UK SaaS suppliers must currently comply with the terms of the Data Protection Act 1998 (DPA), which governs data protection law in the UK. SaaS suppliers should be aware that from the 25th of May 2018, the General Data Protection Regulation (GDPR) will apply directly in all Member States of the European Union (EU).
Many SaaS suppliers are concerned about their data protection obligations following Brexit and are unaware that they will still have obligations (as data processors) to comply with the new rules imposed by the GDPR, even after a Brexit.
Will the GDPR apply in the UK after Brexit
How the GDPR will apply to the UK following a Brexit, will depend upon the timing of the Brexit and the agreement reached between the UK and the EU on the terms under which the UK will leave the EU.
In any event:
- if Brexit takes place after the 25th of May 2018, the GDPR will automatically apply in the UK until UK data protection laws are amended;
- if Brexit takes place before the 25th of May 2018 the applicable data protection regime will depend upon the terms of the Brexit deal agreed with the EU.
GDPR applies to UK SaaS Suppliers despite Brexit
Regardless of when and how Brexit takes place, the GDPR will apply to SaaS suppliers located within the UK if:
- they offer goods or services to SaaS customers located within the EU (i.e. in any of the remaining 27 Member States); or
- they monitor the behaviour of EU data subjects;
Even though UK SaaS suppliers will no longer be located within the EU themselves after a Brexit.
GDPR will apply to non-EU SaaS Suppliers
From the 25th of May 2018 the GDPR will automatically apply to all SaaS suppliers located outside of the EU i.e. in the USA, if:
- they offer goods or services to SaaS customers located within the EU; or
- they monitor the behaviour of EU data subjects;
Even though the SaaS supplier is not located within the EU.
Complying with the GDPR
The following are the main obligations that all SaaS suppliers, who are subject to data processor obligations under the GDPR, will need to comply with:
- include specific minimum terms in a written data processing agreement with all SaaS customers;
- keep records of all categories of processing activities that they carry out;
- obtain prior written consent to the subcontracting of any data processing activities;
- notify SaaS customers of any breach of their obligations, without undue delay, after becoming aware of the breach;
- appoint a data protection officer (DPO) in specific circumstances; and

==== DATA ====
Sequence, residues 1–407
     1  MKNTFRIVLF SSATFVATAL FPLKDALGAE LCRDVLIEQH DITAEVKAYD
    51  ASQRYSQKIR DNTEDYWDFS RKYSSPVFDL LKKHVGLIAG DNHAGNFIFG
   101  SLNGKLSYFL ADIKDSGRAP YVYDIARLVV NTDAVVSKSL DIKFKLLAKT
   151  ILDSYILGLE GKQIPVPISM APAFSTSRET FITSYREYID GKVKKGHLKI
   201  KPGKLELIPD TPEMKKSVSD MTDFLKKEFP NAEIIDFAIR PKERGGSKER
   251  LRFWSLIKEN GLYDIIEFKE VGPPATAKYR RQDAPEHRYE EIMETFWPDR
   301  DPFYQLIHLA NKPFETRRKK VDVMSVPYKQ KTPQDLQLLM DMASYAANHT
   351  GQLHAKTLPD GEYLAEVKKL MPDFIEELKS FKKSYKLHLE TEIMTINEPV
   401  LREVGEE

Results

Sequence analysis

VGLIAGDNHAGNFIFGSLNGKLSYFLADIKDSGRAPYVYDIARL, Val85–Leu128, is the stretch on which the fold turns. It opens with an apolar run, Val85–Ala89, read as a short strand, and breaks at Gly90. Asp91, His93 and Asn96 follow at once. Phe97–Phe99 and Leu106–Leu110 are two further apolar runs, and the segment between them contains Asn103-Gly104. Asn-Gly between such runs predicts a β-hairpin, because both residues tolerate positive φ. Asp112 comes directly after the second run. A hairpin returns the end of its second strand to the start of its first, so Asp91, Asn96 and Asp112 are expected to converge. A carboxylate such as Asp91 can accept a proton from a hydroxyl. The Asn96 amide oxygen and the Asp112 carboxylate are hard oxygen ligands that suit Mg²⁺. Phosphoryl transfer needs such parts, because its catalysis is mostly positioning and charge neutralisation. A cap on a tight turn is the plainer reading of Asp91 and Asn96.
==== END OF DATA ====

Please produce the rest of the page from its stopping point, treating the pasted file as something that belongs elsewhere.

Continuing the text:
- allow SaaS customers to choose between deletion or return of all personal data.
Fines for Breach
Data subjects will be able to claim damages directly from SaaS suppliers who breach:
- any obligations under the GDPR; or
- any lawful instructions of the SaaS customer.
In addition data protection authorities will be able to fine SaaS suppliers up to 4% of annual global turnover or 20m Euros (whichever is higher) for breaches of the GDPR.
Preparing for Change
The current position with regard to Brexit is unclear and subject to change.
However, all SaaS suppliers supplying SaaS services to SaaS customers located in the EU need to be aware that current UK data protection laws will change on the 25th of May 2018, or following Brexit.
SaaS suppliers who plan to provide SaaS services to individuals located in the EU after the 25th of May 2018, need to take the following action:
- review their existing privacy policies;
- review the terms of existing SaaS agreements;
- create a written data processing agreement;
- review all internal procedures relating to data protection and security; and
- review insurance cover limits and exclusions;
To ensure compliance with the new obligations placed on SaaS suppliers (data processors) under the GDPR.
Irene Bodle is an IT lawyer specialising in SaaS, with over 14 years experience in dealing with SaaS, cloud computing and IT law issues. If you require assistance with any SaaS agreements, cloud computing concerns or any other IT legal issues please contact me at:
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